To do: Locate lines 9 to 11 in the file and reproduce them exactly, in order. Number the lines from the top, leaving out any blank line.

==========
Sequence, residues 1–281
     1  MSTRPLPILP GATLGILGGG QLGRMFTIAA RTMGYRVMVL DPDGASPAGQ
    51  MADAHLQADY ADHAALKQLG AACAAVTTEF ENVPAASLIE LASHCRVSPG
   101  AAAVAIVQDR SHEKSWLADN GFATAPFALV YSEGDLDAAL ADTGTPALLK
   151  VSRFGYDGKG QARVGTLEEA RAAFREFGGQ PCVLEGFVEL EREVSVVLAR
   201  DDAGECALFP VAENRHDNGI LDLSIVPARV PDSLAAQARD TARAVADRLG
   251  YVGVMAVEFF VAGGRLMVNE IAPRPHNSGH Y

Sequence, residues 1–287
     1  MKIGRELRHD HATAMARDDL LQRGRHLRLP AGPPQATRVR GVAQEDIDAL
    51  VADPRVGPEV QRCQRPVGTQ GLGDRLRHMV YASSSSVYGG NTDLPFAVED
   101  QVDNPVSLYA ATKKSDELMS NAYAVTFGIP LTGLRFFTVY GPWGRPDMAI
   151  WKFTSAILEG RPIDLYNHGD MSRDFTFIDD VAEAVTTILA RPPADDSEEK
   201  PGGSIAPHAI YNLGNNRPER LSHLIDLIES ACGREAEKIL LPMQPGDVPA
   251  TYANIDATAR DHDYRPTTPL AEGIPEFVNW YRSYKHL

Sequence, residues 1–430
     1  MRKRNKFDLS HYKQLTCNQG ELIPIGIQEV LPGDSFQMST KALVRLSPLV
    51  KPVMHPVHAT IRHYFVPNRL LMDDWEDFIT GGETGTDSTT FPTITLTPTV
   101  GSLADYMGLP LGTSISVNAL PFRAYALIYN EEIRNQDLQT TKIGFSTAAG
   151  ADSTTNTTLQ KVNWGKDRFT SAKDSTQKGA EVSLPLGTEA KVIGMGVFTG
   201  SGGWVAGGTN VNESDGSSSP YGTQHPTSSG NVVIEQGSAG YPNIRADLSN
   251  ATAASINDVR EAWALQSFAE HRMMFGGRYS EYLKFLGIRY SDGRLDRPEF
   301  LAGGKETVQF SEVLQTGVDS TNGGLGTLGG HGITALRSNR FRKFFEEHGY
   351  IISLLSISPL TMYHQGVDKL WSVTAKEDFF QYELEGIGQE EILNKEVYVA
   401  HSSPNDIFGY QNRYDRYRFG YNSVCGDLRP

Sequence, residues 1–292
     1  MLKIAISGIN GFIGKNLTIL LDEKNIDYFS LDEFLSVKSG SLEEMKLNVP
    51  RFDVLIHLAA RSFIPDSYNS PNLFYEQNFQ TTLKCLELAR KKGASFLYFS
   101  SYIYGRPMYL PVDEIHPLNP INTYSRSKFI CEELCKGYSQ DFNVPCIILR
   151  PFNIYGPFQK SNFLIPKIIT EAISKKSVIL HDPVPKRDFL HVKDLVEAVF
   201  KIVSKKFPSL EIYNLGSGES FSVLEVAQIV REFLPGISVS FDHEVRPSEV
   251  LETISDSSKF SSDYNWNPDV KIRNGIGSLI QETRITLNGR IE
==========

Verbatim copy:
     1  MKIGRELRHD HATAMARDDL LQRGRHLRLP AGPPQATRVR GVAQEDIDAL
    51  VADPRVGPEV QRCQRPVGTQ GLGDRLRHMV YASSSSVYGG NTDLPFAVED
   101  QVDNPVSLYA ATKKSDELMS NAYAVTFGIP LTGLRFFTVY GPWGRPDMAI